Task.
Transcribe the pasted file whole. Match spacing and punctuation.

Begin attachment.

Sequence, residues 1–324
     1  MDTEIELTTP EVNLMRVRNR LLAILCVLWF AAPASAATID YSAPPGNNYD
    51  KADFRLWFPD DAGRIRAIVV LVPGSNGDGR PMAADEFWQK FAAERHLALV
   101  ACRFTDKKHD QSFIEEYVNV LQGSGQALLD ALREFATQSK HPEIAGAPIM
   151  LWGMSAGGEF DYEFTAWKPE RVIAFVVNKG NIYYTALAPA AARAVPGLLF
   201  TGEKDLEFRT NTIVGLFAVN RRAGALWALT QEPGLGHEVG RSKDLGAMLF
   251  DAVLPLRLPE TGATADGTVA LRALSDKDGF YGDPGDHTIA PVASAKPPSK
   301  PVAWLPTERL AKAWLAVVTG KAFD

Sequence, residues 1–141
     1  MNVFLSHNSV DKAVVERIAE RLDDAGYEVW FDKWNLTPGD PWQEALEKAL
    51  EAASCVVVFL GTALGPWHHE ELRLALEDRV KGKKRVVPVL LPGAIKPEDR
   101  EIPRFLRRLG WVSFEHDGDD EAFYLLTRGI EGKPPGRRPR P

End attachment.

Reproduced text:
Sequence, residues 1–324
     1  MDTEIELTTP EVNLMRVRNR LLAILCVLWF AAPASAATID YSAPPGNNYD
    51  KADFRLWFPD DAGRIRAIVV LVPGSNGDGR PMAADEFWQK FAAERHLALV
   101  ACRFTDKKHD QSFIEEYVNV LQGSGQALLD ALREFATQSK HPEIAGAPIM
   151  LWGMSAGGEF DYEFTAWKPE RVIAFVVNKG NIYYTALAPA AARAVPGLLF
   201  TGEKDLEFRT NTIVGLFAVN RRAGALWALT QEPGLGHEVG RSKDLGAMLF
   251  DAVLPLRLPE TGATADGTVA LRALSDKDGF YGDPGDHTIA PVASAKPPSK
   301  PVAWLPTERL AKAWLAVVTG KAFD

Sequence, residues 1–141
     1  MNVFLSHNSV DKAVVERIAE RLDDAGYEVW FDKWNLTPGD PWQEALEKAL
    51  EAASCVVVFL GTALGPWHHE ELRLALEDRV KGKKRVVPVL LPGAIKPEDR
   101  EIPRFLRRLG WVSFEHDGDD EAFYLLTRGI EGKPPGRRPR P